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Crankshaft position sensor wiring (what are these little metal things for?)

447 Views 12 Replies 3 Participants Last post by  peva
I want to change the connector for my crankshaft position sensor on my 1999 Intrepid 2.7 SE. This is what my connector looks like. There is a newer connector in 2000. Looks like it was redesigned. Anyway this picture is what Mopar sells. My question is, why is there 6 wires included? And what are the little metal things in the picture? Are those some kind of wire butt connectors? I can still get this at the dealer for a reasonable price. Part number 5135637AA
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Weird.

Looks like it is a kit for several applications - some for CKP, and some for throttle position sensors. 6 wires to be used 3 at a time as needed to match the gauge and colors for the various applications? See below photos more clearly showing those pieces - can't tell if they are metal or plastic - might be for connector or terminal latching, or connector keying, or shielding. My WAGs. 馃お

Maybe a Chrysler dealer has some app or installation notes on it.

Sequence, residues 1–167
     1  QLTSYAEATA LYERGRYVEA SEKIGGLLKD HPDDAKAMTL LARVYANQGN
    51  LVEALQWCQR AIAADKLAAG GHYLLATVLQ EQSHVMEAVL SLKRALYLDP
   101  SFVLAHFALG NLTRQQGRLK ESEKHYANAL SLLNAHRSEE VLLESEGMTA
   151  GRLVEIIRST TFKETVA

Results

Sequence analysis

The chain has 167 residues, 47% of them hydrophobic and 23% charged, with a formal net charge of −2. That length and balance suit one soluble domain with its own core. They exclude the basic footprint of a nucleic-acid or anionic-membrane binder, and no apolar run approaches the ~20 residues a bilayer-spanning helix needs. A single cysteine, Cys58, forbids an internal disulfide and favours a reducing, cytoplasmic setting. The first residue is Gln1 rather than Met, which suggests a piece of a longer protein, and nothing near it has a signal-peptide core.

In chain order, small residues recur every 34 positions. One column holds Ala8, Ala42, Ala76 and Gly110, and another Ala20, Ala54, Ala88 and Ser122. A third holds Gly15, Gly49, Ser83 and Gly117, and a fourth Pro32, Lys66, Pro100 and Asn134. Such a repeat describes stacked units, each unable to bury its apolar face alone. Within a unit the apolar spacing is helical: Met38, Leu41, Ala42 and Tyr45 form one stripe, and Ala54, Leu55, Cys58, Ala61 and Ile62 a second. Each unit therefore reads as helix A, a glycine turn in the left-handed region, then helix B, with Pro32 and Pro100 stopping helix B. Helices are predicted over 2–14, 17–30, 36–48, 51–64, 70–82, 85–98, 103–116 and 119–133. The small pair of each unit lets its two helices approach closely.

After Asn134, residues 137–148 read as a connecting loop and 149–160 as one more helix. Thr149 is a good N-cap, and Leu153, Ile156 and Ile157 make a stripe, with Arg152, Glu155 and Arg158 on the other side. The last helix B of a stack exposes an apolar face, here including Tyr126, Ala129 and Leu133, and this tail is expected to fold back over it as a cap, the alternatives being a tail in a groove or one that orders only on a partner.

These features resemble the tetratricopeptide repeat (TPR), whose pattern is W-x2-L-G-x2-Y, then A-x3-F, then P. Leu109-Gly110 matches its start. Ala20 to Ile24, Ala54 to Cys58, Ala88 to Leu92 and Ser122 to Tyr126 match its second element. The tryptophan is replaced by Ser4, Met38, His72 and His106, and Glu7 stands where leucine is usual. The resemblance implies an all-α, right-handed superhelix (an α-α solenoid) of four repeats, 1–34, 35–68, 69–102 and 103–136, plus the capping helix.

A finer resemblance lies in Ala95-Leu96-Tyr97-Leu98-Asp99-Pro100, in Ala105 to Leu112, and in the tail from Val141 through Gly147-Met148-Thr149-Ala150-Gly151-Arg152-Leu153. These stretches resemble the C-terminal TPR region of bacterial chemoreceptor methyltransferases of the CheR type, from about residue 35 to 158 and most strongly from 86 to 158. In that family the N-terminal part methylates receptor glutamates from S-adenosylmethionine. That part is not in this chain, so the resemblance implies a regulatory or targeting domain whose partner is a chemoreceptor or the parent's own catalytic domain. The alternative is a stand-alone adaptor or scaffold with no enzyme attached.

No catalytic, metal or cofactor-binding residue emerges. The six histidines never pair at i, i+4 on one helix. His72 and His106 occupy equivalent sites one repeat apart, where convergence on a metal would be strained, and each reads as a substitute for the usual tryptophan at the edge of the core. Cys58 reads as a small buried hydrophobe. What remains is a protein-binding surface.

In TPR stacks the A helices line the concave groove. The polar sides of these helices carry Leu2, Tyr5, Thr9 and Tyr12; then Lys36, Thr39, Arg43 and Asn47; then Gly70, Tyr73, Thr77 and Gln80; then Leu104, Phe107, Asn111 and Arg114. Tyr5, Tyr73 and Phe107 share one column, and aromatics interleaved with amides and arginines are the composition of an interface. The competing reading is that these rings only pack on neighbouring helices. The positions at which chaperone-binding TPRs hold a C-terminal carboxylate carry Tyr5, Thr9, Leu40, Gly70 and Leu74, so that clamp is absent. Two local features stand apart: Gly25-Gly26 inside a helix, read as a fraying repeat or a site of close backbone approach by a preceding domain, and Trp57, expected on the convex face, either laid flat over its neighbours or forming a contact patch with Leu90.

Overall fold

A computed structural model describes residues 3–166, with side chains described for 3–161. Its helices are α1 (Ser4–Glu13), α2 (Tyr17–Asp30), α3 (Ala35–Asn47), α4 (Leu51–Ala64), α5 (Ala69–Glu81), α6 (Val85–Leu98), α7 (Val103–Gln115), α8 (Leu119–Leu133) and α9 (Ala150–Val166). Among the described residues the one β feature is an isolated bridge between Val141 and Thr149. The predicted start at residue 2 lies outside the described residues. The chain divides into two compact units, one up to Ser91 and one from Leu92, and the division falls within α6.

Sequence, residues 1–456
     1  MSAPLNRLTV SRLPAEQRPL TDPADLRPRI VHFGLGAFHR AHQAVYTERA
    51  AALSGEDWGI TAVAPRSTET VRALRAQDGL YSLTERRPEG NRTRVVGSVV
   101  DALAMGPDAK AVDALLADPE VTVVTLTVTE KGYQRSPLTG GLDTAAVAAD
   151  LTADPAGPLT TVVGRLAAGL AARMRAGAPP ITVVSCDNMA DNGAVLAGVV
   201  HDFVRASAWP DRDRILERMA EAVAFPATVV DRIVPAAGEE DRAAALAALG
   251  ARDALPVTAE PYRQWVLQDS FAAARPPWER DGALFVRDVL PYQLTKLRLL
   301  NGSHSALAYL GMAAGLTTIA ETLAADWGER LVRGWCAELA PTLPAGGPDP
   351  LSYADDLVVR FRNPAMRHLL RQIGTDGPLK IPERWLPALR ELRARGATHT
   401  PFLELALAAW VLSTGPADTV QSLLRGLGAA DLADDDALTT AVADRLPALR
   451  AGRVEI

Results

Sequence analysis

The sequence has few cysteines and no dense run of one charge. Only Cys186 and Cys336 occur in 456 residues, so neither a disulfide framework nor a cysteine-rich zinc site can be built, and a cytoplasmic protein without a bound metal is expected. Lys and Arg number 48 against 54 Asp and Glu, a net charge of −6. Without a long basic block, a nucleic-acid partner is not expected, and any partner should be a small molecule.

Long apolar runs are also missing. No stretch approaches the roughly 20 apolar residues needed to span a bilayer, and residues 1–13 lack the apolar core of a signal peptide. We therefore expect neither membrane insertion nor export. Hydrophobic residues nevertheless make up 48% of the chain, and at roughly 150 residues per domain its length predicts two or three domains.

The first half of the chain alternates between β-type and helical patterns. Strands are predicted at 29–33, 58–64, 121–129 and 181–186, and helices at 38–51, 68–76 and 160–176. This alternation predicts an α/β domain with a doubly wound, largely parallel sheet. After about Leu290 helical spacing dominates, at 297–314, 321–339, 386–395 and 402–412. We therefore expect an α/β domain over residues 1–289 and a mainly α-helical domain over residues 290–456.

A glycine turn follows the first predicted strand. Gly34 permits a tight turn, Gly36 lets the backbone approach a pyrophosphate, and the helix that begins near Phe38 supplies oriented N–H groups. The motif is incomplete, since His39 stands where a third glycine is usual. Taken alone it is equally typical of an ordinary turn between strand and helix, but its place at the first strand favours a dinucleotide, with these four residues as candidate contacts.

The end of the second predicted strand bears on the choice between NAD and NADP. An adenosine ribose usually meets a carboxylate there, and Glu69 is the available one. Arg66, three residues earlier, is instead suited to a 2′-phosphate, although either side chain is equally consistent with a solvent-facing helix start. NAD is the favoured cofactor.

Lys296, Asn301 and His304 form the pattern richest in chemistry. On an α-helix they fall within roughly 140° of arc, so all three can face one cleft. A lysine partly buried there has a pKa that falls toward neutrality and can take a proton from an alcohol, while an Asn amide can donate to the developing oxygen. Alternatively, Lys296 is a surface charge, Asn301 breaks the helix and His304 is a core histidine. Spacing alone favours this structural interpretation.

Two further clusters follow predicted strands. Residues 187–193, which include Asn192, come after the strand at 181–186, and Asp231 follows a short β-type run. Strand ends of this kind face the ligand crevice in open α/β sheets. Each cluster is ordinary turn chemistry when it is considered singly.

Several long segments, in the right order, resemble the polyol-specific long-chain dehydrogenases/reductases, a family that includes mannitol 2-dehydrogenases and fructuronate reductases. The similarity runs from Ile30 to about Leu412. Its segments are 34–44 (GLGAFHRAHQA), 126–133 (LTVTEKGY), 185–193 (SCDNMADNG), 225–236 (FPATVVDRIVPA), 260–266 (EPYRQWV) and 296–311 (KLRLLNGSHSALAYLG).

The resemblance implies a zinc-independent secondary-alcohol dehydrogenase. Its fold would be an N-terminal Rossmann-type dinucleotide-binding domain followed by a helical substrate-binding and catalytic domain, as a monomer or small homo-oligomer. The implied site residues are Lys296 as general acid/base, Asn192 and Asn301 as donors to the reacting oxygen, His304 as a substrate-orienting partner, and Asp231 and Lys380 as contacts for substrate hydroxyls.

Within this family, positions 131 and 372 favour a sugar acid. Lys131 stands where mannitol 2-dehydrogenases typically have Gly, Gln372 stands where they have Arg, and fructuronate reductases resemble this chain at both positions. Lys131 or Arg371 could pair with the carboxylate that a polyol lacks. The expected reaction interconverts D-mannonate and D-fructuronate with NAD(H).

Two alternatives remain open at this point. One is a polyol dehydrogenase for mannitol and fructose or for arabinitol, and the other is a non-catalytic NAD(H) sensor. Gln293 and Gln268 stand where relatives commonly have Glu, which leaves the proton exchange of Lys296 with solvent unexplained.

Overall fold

Rather than 6 identical pieces, looks like 3 larger pieces the same, and 3 smaller pieces the same. You might have to get one to see where those pieces fit in the housing, and then it will make sense. Maybe 3 pieces fit that connector half and the other 3 fit the mating half, or the smaller ones insert into the larger ones, but for what purpose? Perhaps they are as you say, butt connectors for the in line splicing of the 3 wires. They seem to be a strange shape for that.

3 brands come up for 5135637AA on Rock Auto:

The apps. for the Standard Motor Products version:
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Photo of the SMP version - 2nd one is zoom and crop of the first:
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Yes those metal things I think are for wires but not sure how to use them.
Those are splice connectors. Then you heat shrink over them. 3 of each of 2 different wire gauges. Use the wire color and size that matches the factory harness, and repair using the correct connectors and shrink tubing.